Patsy. Loretta. Dolly. Miranda. She probably wouldn’t put herself on that country music Mount Rushmore, but hear me out: Since blazing onto the scene with her hell-raising albums Kerosene and Crazy Ex-Girlfriend, Miranda Lambert has proved she has the old-school chops of Patsy Cline, the fire and grit of Loretta Lynn, and the buoyant effervescence of Dolly Parton. In 2015, the flames lowered into a slow burn—Lambert and fellow country star Blake Shelton divorced, and she retreated to a small Nashville studio where she wrote and recorded The Weight of These Wings, a double album on which Lambert was at her most vulnerable and anguished. She never publicly addressed the drama with Shelton, telling me in 2016: “If you wanna hear my side of the story, it’s all on there, very honestly.”
That honesty has been Lambert’s calling card since her formative years in Lindale, Texas, where her parents were private investigators. She and her father drove to Nashville when she was sixteen to record demos after the judges at the local True Value Country Showdown praised her. But she left in tears because the only songs offered to her were schmaltzy pop tracks. She returned to Texas, learned how to play guitar, and began to write her own songs.
Since then, she has become one of the most decorated artists in country music history, with thirty-eight Academy of Country Music Awards, including for Entertainer of the Year; fourteen Country Music Awards; and three Grammys. Last year, she released her ninth studio album, Palomino, and launched Velvet Rodeo, a Las Vegas concert residency that will continue through 2023. In April, she’ll release a cookbook, Y’all Eat Yet?, featuring Texas-tinged recipes such as her favorite, Mom’s Meatloaf. And while Lambert resides on a farm outside of Nashville, she still often makes it back to Lindale, where her family runs the Pink Pistol boutique and a winery. Texas, she says, will always be in her blood.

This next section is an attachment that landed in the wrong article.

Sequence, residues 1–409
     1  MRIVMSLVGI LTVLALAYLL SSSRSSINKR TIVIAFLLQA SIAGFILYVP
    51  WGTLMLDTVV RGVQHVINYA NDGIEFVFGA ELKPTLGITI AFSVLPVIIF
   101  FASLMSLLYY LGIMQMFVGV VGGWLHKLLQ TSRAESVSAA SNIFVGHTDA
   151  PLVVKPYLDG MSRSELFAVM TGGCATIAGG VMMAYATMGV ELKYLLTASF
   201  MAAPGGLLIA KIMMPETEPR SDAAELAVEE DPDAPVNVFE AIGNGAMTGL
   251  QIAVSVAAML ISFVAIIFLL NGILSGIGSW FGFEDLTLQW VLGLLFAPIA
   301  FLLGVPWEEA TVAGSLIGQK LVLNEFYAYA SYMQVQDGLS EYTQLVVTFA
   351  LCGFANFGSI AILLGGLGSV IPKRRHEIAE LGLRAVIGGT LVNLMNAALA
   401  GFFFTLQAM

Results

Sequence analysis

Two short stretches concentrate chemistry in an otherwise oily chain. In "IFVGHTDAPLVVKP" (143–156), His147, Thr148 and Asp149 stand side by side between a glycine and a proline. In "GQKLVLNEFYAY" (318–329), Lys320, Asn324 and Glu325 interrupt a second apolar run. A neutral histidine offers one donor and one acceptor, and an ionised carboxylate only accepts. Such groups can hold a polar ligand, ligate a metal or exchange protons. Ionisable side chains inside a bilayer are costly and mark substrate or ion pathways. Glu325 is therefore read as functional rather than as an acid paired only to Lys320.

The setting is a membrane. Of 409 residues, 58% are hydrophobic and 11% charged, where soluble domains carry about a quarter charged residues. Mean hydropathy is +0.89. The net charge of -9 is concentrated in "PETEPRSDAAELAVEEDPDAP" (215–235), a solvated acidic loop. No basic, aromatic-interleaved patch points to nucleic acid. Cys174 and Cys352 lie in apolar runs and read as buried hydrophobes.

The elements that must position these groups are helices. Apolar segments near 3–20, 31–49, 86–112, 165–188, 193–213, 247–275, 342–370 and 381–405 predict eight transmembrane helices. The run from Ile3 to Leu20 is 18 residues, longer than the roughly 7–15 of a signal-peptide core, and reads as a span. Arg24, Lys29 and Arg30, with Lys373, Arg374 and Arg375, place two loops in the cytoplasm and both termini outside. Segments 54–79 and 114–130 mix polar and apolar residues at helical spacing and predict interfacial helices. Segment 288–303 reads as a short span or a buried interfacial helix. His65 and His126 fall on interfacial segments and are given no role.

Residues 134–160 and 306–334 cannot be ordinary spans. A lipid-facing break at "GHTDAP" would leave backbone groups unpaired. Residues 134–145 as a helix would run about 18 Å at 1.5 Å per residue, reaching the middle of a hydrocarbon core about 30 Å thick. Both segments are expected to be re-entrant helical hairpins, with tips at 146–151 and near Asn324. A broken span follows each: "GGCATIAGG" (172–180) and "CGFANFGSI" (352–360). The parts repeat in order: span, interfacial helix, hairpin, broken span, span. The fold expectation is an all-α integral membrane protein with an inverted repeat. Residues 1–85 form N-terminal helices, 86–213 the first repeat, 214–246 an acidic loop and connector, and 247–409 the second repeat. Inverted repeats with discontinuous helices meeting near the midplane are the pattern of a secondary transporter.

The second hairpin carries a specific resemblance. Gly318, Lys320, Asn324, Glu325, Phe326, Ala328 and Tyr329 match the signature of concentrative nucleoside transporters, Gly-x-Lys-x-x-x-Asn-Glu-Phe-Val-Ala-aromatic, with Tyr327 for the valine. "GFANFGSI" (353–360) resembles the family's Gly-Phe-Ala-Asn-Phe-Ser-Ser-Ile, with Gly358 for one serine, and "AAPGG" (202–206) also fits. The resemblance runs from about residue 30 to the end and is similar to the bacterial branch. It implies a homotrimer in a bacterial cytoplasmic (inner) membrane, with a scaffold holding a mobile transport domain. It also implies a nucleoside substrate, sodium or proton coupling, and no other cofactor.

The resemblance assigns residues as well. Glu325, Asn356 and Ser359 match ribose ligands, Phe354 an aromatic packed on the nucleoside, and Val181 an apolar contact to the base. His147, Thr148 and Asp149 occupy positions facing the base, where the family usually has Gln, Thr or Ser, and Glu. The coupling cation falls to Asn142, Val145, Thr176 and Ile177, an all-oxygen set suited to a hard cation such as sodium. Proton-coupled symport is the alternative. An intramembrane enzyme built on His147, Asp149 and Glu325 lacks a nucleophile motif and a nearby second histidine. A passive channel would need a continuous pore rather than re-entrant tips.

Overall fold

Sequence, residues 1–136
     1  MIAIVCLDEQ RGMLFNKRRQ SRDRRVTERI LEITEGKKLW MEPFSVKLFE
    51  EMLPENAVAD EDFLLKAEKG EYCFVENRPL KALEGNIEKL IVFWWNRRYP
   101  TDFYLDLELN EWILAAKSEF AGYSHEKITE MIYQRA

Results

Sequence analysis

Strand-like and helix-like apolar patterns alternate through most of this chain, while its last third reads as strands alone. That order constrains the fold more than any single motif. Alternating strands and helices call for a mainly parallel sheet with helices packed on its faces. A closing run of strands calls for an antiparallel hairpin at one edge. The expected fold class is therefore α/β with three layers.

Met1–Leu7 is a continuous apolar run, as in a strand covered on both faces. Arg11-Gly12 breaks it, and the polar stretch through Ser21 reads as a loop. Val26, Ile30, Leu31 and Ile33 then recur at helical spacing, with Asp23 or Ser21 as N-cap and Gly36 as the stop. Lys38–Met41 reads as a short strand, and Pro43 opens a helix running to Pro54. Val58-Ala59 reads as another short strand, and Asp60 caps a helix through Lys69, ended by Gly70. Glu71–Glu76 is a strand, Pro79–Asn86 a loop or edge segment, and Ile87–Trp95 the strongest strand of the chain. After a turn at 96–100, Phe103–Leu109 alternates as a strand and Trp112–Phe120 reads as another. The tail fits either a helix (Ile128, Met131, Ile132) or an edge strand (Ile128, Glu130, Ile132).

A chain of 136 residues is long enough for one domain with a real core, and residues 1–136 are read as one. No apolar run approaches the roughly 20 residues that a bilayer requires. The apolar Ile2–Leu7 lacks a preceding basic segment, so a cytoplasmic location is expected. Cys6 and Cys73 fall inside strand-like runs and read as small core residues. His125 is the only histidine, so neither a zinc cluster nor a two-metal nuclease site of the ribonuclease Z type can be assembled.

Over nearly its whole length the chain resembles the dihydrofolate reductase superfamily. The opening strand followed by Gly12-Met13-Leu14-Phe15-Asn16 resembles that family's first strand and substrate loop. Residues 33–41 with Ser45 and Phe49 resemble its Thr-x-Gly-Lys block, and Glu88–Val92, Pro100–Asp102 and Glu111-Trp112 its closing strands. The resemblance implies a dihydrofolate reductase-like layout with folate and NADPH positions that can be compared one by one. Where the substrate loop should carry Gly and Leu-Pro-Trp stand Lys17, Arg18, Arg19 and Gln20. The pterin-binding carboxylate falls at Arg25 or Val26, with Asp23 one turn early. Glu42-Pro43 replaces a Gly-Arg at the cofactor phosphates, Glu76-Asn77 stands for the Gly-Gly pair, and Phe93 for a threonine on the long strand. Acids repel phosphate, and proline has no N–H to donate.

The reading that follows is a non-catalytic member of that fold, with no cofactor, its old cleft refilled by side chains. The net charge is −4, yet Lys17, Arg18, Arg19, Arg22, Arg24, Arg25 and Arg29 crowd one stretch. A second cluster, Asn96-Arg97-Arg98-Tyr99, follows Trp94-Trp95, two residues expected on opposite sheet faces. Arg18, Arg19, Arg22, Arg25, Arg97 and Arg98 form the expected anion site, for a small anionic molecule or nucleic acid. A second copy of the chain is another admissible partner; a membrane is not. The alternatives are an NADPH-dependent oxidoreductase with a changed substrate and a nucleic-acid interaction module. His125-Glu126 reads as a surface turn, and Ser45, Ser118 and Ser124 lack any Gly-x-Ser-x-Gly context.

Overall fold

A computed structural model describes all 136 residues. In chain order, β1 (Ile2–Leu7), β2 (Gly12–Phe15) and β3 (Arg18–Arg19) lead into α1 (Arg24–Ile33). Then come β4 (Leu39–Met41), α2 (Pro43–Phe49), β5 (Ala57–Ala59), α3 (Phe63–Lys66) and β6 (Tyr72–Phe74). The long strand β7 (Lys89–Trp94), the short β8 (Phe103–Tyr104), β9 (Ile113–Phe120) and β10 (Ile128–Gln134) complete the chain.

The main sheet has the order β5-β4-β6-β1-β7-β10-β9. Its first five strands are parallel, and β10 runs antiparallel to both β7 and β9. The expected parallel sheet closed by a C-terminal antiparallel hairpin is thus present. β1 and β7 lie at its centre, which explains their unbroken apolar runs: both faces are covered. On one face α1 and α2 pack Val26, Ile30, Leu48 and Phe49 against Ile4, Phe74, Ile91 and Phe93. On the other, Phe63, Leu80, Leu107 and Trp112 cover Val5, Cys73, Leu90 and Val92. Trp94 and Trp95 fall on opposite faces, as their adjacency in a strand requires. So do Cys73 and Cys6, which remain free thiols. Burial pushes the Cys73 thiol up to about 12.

What’s the most Texas thing about you?
All of it. [Laughs.] I guess my accent. It’s a pretty thick East Texas drawl. Our whole family going way back on both sides is Texas born and bred.
How has the state inspired your music?
I write a lot about where I am from. Lindale is your typical small Texas town. It’s a Friday night football (the Lindale Eagles!), church on Sunday morning, climb the water tower kind of a town. Country music has always been songs about rural life, and I grew up that way. The music scene in Texas was such a blessing because I was always going to shows in Dallas and Austin—like Willie and Jack Ingram and Wade Bowen shows—to absorb everything I could.
Your dad played the Texas circuit as a musician. What did you learn from him?
He is a singer and a very good songwriter too, so I give him a lot of credit for my songwriting skills. My dad taught me three guitar chords when I was seventeen years old, and I ran with it.
You got your start at Reo Palm Isle dance hall in Lindale. What was that like?
It was hard at first, because there were a lot of songs to learn and late nights. Four hourlong sets a night, three nights a week, and I was still in high school. I really learned how to win over a crowd there and about what to play and when, especially when it comes to the dance floor. I was the lead singer of the house band for about six months, so I had to figure all that out right there on the stage. I was only seventeen, but it was the best schooling in honky-tonk etiquette I could have asked for.